This Homeless Guy Passed out Resumes Instead of Asking for Money to Find His Dream Job

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Jan. 18 2019, Updated 12:43 p.m. ET

David Casarez has a ton of experience in web development, a relatively in-demand field. He graduated from Texas A&M University. He is articulate and intelligent enough to piece together a resume that lists all of his skills and past work history.

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He was also out of a job, and fell on hard times. So hard that he became homeless and resorted to sleeping in parks in the Mountain View, California area.

Rather than flipping the system "the bird," David got dressed, made a sign, and went on the highway to ask people for help. 

But, his idea of "help" was different than other roadside panhandlers you often see during your commute.

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David decided that instead of asking for handouts, he'd hand something out himself: his resume.

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Which caught the eye of tons of people, like Twitter user Jasmine Scofield, who asked David if she could take his photo and share news of his search for a job on Twitter.

Her post absolutely blew up — it has over 216,000 likes and 135,000 retweets as of right now.

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Jasmine spoke with David to find out more about his background and what spurred him to make such a drastic gesture.

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For David, it's his desire to have a successful tech career Silicon Valley, the mecca of the tech world. A "teccha" if you've got a penchant for terrible pun-amalgams.

As much of a desperate act as it was, it paid off. David ended up getting calls from Google, Netflix, and LinkedIn, among others.

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David's persistence paved way for the viral moment that ultimately ended up nabbing him over 200 job offers. 

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In an interview with The New York Post, David sounds like he's still trying to process the happy-insanity that's befallen him since Jasmine's tweet went viral.

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"Google reached out to me...So many other companies. Pandora. A bunch of startups. A product manager for Bitcoin.com was wondering if I could work remotely or if I want to relocate to Tokyo. But tonight, I'll be back on my bench in Rengstorff Park," he told the Post.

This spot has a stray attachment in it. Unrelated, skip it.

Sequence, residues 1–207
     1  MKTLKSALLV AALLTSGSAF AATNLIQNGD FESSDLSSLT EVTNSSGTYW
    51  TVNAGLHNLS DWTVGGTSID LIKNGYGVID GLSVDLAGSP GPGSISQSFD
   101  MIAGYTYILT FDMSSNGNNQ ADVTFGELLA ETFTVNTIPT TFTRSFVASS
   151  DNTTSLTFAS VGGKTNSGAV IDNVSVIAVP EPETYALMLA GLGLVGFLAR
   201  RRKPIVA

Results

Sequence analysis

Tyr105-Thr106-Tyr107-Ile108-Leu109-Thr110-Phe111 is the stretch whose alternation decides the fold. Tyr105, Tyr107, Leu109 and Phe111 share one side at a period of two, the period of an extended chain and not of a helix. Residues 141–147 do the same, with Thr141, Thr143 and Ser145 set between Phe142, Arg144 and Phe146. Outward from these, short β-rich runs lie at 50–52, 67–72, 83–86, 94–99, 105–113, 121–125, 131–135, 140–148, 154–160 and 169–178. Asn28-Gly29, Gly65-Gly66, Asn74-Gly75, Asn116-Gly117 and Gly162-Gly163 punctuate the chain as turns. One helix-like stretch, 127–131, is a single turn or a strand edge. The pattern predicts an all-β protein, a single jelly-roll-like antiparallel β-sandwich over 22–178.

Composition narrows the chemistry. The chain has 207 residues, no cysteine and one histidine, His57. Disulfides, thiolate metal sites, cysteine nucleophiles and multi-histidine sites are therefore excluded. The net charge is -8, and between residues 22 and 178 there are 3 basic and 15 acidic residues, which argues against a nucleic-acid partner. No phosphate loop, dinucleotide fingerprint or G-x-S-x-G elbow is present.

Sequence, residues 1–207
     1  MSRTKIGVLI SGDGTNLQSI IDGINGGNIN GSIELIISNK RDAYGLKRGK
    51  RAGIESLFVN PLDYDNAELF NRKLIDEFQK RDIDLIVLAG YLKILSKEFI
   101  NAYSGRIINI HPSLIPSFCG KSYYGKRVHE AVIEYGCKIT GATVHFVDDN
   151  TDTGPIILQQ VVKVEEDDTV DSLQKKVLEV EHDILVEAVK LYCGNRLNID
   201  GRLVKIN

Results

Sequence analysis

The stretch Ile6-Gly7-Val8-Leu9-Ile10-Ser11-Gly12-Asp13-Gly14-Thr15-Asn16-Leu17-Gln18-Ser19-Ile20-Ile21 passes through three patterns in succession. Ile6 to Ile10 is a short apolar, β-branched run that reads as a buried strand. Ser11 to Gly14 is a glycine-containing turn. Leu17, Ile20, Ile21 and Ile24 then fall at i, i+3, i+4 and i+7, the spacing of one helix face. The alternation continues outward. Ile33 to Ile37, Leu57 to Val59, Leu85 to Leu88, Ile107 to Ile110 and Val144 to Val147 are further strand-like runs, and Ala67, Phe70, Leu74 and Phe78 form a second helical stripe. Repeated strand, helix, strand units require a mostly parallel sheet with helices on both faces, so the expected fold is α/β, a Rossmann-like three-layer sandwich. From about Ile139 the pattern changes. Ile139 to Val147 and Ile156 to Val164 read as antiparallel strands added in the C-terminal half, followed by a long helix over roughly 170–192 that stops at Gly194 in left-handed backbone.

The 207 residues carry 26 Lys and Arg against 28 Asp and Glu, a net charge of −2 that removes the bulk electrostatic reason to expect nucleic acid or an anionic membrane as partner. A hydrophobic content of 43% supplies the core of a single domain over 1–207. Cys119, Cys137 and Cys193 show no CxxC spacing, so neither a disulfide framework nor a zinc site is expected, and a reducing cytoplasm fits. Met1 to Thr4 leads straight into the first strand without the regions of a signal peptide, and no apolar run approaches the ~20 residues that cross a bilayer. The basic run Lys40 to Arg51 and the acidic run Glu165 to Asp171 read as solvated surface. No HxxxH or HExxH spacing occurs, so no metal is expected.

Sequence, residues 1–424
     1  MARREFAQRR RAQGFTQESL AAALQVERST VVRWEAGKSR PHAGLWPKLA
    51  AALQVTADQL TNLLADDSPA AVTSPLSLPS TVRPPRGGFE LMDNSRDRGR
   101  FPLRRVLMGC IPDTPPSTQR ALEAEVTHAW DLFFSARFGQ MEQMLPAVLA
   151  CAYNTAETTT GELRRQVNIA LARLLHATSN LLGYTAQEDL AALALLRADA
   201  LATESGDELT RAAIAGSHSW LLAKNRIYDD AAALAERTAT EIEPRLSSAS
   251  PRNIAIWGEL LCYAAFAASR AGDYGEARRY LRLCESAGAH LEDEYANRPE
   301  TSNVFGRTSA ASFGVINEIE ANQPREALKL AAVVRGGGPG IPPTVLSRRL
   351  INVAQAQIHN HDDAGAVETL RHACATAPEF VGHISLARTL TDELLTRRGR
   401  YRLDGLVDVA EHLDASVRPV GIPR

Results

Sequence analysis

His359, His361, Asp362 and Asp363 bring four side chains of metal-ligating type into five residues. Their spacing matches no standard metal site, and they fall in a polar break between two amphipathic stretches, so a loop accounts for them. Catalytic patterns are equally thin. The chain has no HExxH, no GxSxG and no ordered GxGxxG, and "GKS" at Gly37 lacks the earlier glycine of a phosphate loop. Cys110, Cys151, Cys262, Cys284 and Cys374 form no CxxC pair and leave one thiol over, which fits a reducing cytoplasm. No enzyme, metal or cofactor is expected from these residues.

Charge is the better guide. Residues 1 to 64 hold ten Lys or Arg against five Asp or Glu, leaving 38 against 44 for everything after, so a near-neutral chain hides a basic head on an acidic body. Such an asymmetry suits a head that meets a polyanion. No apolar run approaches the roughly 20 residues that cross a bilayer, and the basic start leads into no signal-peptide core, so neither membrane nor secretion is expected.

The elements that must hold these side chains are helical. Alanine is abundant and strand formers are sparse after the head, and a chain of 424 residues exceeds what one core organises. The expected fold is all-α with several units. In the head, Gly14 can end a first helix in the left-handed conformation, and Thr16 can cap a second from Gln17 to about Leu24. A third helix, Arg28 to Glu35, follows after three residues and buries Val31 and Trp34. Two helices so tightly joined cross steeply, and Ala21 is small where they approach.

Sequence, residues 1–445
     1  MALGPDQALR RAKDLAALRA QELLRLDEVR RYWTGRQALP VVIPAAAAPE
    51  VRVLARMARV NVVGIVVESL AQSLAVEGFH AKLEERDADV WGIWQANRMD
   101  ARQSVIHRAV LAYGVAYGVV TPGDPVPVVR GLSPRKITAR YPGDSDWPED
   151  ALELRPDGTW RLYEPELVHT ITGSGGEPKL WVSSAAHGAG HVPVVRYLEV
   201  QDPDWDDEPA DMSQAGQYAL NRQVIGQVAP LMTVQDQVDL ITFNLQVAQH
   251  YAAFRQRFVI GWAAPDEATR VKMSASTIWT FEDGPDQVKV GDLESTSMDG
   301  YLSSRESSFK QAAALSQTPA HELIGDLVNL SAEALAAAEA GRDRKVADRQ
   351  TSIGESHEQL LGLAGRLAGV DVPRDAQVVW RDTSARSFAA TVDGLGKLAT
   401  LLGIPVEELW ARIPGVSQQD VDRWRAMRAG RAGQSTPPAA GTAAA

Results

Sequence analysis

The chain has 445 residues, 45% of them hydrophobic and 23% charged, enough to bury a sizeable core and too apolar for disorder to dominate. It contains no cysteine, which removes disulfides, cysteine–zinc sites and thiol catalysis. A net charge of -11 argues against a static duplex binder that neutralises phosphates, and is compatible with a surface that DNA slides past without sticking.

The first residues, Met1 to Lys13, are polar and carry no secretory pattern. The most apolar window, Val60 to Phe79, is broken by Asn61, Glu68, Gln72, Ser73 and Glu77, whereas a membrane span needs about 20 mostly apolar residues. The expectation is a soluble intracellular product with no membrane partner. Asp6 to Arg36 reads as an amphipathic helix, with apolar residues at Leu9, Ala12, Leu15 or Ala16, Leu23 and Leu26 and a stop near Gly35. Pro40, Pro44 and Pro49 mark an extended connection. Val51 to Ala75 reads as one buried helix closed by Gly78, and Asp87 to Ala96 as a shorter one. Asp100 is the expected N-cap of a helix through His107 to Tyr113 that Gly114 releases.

The 26-year-old David left a good job with General Motors in Austin and moved out west in the hopes of launching his own tech startup.

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He cashed out his 401k and pounded the pavement in Silicon Valley looking for a job. He was living out of his 2015 Ford utility van. More than a year passed and David was still living in his van. Thanks to free Starbucks WiFi, David was able to pick up some freelance gigs, but hadn't landed a full-time job.

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"No one was hiring. I had an interview with Apple in January, but the job was filled interally," he told the Post.
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David's van was repossessed, and didn't have anywhere to stay, except for a local park. Still, he didn't give up hope: he kept applying to jobs, sleeping in the park day in, and day out. On Friday, July 27th, he decided to dress up to "look presentable" to prospective employers. 

He carried his "Hungry 4 Success" sign and a stack of resumes.

"It was basically a make-or-break moment. I wanted to keep my head up high, keep looking forward and see what opportunity would come next," he said.
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For David, the over-the-top gesture signaled the end of the line for him. It was his last-ditch effort to try and finally make it in Silicon Valley before cutting his losses and returning to his hometown.

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"I was thinking, you know, like this was like my last stop. If this didn’t work, I’d go back home and give up on my dream."
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A few hours passed before Jasmine stopped her car and snapped a photo of David and shared it online. From that fateful moment, the job offers kept pouring in for the young man.

We were all raised on movies that are filled with stories of people being driven to the edge where they're forced to go past their breaking point before something finally pans out for them. For many who do this, things don't pan out and they eventually give up. I'm happy that in David's case, he did not.

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